Password reuse allows fraudsters to use credentials stolen on one website to take over accounts on other sites.
It’s World Password Day again, the day created to herald the guardians of our corporate secrets, personal correspondence, medical information, purchasing information and, of course, our money.
The scary fact is this: As guardians of our identity, passwords aren’t doing a very good job. As a matter of fact, according to the most recent edition of the Verizon Data Breach Investigations Report, 81 percent of the breaches involved stolen or weak passwords. Why aren’t passwords protecting our accounts the way they should?
Good passwords are hard to create and easy to forget
On the IT side, password issues are the number-two problem faced by help desks, second only to, “My printer won’t print.” And, for businesses as a whole, password issues are a major source of friction, especially for retail transactions. A recent UK study indicates that strict password rules can lead to a checkout abandonment rate of 18.75%—almost one in five buyers. For users, the picture is just as bad. According to an Intel study, the average individual has 27 passwords. The same study reported that 37% of us forget at least one password per week, not that we need statistics to confirm that remembering passwords is difficult.
And this difficulty leads to one of the most common—and dangerous—password practices around: password reuse. Almost half of us use the same password on multiple accounts. This means that, more often than not, the theft of one password will compromise multiple accounts.
Passwords are not going away any time soon
If passwords are so much trouble and lead to so much risk, why do they still play such a dominant role in security? The answer is, at least for now, that no better alternative exists.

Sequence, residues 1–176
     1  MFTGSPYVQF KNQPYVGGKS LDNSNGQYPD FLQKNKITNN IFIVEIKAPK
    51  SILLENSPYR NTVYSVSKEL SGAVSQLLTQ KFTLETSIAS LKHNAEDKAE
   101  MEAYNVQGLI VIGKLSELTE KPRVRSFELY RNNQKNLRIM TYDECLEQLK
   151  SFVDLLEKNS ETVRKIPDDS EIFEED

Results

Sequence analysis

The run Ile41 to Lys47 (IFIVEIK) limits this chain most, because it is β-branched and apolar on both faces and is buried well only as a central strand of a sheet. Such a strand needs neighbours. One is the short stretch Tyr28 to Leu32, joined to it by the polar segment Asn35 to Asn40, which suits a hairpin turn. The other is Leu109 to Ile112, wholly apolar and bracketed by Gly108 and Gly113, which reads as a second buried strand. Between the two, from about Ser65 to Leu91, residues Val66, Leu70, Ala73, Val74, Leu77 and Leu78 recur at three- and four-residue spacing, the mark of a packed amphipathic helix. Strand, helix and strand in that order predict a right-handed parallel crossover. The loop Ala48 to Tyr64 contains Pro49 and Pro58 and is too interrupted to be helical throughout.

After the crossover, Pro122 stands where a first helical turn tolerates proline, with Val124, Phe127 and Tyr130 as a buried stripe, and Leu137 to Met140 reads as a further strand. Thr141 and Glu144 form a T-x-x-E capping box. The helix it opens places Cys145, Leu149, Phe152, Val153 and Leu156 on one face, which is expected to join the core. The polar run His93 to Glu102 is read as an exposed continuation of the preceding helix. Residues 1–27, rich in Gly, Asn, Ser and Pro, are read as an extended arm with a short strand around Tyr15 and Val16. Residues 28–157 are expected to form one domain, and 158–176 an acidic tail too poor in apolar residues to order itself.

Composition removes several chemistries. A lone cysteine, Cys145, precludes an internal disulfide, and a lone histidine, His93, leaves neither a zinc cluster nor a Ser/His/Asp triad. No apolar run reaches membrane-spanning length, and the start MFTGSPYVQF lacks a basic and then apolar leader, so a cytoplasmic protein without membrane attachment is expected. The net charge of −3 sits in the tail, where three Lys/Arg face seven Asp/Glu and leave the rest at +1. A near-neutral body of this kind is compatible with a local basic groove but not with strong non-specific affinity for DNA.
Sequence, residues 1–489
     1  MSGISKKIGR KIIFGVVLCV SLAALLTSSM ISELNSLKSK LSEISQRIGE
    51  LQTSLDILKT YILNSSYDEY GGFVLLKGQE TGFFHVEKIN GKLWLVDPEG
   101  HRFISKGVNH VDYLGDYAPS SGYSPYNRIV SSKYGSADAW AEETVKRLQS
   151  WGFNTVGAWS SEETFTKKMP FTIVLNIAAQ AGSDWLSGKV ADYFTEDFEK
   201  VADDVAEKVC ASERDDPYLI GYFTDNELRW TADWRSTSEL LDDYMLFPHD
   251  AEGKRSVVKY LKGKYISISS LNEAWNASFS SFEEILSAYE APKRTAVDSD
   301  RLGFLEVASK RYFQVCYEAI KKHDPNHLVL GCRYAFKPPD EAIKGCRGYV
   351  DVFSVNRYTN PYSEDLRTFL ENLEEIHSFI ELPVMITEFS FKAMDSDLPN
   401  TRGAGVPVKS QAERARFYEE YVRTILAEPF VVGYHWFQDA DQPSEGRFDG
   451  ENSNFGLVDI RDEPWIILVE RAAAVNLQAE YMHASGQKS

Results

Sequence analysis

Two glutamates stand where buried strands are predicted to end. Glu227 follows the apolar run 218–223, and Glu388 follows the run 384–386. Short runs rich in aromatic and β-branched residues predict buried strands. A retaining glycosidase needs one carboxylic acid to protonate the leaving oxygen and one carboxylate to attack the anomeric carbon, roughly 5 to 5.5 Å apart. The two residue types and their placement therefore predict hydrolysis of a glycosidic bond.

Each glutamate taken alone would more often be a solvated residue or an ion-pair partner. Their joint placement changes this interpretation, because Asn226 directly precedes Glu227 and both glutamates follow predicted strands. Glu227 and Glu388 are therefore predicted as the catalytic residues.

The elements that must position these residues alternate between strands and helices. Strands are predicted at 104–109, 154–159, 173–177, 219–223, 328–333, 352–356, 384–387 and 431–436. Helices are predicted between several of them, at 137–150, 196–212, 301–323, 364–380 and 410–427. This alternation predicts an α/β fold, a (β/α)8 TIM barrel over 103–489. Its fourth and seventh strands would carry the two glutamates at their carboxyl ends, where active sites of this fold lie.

Multi-factor authentication (MFA) is often put forth as a solution to the shortcomings of passwords, but MFA itself has problems. To begin with, it adds friction to every transaction. Biometric authentication reduces friction, but woe to those whose biometric credentials are compromised: You can’t change your fingerprints or your iris image. You can’t change your mother’s maiden name, either, which is why challenge questions aren’t a perfect solution; their answers can also be stolen. Token-based MFA, meanwhile, is inconvenient, especially when the token is a physical object that can be forgotten, lost or stolen.
Undiscovered stolen passwords are a big problem
High-profile breaches at companies like Equifax, Anthem, and Yahoo have put the problem of stolen passwords in the headlines. In response, companies have set up password defenses—but they tend to do so only after discovering a breach.The window of time between breach and discovery can be weeks, even months—and it’s during this window that companies and their consumers face the most risk.
The greatest window of risk is the period of time between the date of the breach and the date of its discovery.
During this period, neither users nor the breached organizations (retail chains, banks, etc.) are aware that there’s a problem. Cybercrime organizations have free reign to pilfer the vulnerable account—and they do. Then, when they’re finished extracting as much value as they can, they post the stolen passwords on the dark web, where other criminals can buy and use them on as many sites as they can. The monetization of stolen passwords, carried out at scale via the use of automated attacks such as credential stuffing, costs more than $10 billion in fraud losses annually.
Protecting customers from themselves
Living in the password economy comes with certain responsibilities. Among them, we must prevent fraudsters from using stolen credentials on any web site as soon as they’re stolen. Shape Security’s Blackfish technology does just that.
Here’s how it works. Shape Security protects more than 1.4 billion user accounts at some of the world’s largest brands from automated attacks. We know immediately when a password at one of these sites has been compromised. Blackfish, in turn, can immediately alert companies when a stolen password is used on their web or mobile applications. Then companies can take action such as a forced password reset, a step-up authentication flow, or placement on a watch list.
Say goodbye to World Password Day?
By lowering the success rate of automated attacks, Blackfish actually changes the economics of these forms of cybercrime. When success rates drop, so do the profits of the organizations perpetrating them. They may be forced to shut down operations—or at least look to cause trouble elsewhere.
Maybe one day we can say goodbye to World Password Day.